Sunday, August 2, 2009

Here and There

I was talking to a friend of mine whom I went to high school with yesterday about the difference between our old hometown and the cities where we now live. As most of you know, I'm from Bryan/College Station, and although the towns have grown exponentially since I made my first appearance back there in 1972, the place still has a very small town feel about it.

In Houston, there are murder cases that don't ever make the newspaper. By contrast, this story from my beloved Bryan/College Station Eagle is one of the top three stories on their web page at this writing.

It's kind of refreshing, actually.

20 comments:

Anonymous said...

Totally random, but a great comment about the DWI program on the Chron editorial page:

This program faces several very large hurdles, both legal and practical, before it can be successfully implemented. To begin with, even if the program has been "vetted" with some state legislators this does not count for much legally. Neither does the 'support' of county judges. The appellate courts will have to rule on a plethora of sticky issues before this type of deal can be considered "well settled" law. Thus, I would hope for a limited initial application which would provide "test" cases for the appeals court to rule on --- before we see a mass of these deals made. Of course, Lykos may be planning on sticking the appeals court with a 'sour apple' (i.e. if hundreds/thousands of these deals are signed before the appeals court rule, would they *dare* rule against it?).
********
Even more importantly, defendants may find that the DA's ability to "keep the conviction off their records" is rather limited. Despite the DA's protestation, this program does indeed seem very much like deferred adjudication. Even if the state courts agree with Lykos there is no guarantee that the Federal government will. Generally, if a person signs a document admitting guilt they are considered to have been "convicted", no matter whether they do jail time or classes. Can Lykos *guarantee* that the Feds, insurance companies, etc. will not still count these cases against people? People who sign up for this 'deal' had better have a nice, long talk with their attorney before doing so, because it almost certainly will have language that ensures that if the DA can't deliver the defendant is simply 'stuck.'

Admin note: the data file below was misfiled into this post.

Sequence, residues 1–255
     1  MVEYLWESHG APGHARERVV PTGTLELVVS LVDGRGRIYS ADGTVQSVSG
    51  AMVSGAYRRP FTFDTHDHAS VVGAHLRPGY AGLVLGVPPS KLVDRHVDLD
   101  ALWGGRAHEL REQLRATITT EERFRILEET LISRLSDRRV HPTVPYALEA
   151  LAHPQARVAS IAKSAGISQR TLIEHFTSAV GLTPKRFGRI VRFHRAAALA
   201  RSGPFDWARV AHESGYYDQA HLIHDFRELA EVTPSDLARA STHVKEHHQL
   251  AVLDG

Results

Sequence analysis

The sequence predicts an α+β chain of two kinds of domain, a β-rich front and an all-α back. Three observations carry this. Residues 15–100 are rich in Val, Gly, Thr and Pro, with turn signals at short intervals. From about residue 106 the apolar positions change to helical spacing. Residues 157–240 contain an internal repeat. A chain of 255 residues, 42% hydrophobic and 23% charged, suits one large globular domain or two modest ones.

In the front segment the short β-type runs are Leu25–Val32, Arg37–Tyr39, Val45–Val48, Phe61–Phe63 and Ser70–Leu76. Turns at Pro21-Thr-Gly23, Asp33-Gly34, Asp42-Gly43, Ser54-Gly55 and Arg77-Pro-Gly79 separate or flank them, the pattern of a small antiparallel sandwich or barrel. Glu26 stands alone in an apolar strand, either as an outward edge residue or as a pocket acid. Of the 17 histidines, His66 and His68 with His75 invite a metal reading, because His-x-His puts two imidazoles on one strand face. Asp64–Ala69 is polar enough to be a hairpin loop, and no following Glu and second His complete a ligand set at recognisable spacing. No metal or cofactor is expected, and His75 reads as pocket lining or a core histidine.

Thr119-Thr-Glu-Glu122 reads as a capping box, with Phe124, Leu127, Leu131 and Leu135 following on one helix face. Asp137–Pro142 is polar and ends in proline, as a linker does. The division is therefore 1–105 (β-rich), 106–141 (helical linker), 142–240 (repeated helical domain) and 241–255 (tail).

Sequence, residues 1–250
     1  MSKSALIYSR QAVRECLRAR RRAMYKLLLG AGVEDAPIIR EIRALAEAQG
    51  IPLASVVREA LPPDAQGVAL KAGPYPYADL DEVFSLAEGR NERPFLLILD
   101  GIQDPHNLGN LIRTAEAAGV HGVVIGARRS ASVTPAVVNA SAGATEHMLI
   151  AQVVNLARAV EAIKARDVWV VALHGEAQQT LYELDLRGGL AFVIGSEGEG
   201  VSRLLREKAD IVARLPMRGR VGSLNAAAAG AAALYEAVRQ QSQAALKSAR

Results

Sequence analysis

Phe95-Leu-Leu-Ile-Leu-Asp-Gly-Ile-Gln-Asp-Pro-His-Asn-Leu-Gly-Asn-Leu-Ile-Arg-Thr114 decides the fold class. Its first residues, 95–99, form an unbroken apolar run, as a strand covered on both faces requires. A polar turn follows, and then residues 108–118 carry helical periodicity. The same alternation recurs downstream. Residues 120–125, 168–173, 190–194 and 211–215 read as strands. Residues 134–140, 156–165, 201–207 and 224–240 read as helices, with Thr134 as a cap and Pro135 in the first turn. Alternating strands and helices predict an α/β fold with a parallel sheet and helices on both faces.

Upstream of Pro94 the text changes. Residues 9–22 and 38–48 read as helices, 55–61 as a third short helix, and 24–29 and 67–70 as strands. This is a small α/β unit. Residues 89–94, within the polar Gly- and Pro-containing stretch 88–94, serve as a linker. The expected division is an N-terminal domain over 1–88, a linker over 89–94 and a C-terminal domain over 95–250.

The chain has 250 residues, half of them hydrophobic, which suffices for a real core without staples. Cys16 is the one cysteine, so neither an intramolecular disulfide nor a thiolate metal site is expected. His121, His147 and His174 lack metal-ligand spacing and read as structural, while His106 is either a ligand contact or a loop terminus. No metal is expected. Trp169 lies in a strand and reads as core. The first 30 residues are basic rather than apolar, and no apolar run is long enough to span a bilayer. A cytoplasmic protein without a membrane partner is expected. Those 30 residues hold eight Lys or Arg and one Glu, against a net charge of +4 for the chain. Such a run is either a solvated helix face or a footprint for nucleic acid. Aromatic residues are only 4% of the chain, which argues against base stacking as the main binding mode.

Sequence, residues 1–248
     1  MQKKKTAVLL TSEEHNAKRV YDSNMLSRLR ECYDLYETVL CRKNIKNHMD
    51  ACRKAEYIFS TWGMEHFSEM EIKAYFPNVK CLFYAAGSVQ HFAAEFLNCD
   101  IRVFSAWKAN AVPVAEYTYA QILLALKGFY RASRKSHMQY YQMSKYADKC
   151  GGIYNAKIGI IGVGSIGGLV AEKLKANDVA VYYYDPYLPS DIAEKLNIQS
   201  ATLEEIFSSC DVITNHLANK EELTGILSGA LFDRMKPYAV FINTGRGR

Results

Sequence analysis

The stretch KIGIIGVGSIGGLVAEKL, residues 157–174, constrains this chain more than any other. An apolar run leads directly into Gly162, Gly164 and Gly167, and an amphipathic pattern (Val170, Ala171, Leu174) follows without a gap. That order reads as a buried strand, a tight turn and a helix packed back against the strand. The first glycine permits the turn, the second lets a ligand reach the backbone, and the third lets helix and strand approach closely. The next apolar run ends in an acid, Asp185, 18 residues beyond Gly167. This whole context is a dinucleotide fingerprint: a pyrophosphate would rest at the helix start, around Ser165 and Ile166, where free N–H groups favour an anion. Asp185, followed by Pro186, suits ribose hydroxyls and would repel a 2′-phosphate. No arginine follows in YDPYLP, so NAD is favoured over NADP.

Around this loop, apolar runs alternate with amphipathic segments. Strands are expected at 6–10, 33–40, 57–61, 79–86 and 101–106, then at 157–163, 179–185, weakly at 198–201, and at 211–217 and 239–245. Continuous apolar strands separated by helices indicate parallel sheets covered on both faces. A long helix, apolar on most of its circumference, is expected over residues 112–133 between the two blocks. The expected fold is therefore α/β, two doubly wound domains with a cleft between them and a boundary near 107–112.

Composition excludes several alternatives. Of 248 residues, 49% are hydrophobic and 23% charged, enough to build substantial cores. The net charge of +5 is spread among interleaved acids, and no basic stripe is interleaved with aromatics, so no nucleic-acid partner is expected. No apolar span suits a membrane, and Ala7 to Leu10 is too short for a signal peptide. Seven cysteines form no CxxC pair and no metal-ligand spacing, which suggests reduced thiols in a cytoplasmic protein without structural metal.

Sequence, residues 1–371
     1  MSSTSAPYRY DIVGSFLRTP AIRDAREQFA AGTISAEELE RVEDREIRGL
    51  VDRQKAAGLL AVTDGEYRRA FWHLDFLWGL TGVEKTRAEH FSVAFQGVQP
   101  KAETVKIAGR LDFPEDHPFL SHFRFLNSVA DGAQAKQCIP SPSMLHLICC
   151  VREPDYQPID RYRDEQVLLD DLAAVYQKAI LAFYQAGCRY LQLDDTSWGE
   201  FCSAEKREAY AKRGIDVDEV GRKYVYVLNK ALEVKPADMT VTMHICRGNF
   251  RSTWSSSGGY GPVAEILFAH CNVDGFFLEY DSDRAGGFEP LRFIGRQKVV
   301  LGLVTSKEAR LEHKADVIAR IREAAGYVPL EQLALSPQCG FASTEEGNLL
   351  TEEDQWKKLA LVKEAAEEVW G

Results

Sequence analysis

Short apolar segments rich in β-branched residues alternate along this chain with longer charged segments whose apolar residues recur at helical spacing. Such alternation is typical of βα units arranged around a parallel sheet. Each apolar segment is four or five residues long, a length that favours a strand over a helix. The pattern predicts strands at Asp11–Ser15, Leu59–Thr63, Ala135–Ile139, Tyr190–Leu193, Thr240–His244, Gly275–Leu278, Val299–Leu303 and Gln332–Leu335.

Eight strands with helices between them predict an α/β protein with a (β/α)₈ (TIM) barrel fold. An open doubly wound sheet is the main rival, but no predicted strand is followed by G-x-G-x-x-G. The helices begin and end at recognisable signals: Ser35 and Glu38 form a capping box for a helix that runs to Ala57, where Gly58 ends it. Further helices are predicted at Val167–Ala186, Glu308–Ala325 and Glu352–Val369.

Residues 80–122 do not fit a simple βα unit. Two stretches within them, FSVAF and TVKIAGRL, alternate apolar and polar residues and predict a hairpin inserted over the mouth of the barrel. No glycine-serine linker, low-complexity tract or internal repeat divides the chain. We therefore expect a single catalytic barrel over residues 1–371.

Rage Judicata said...

The appellate courts will have to rule on a plethora of sticky issues

How so? Anyone who enters does so "voluntarily." Sure, it may be somewhat coerced, but they choose to plead instead of go to trial, so if they violate the terms of deferment it's just like a normal probation/deferment program. In other words, the only ones who could complain to an appellate court have waived any and all complaints by entering the program.

The only way to challenge it would be through some sort of "concerned citizen" lawsuit or a mandamus proceeding designed to force the DA to prosecute instead of defer, on the grounds that the lege has removed all deferred options for DWI.

And as much complaining as you folks are doing, none of you care enough to actually do anything about it.

Anonymous said...

"And as much complaining as you folks are doing, none of you care enough to actually do anything about it."

Can't a comment even be made without the asshole contingent rearing it's ugly mug? Christ you are annoying.

Anonymous said...

Rage reminds me of that kid in Jr. high who nobody paid any attention to and would stand around yelling look at me, look at me. I previously suggested you read the definition of his moniker and give him the appropriate value. Please don't respond to his yelling look at me. I will never comment on him again, he is simply not worth the effort.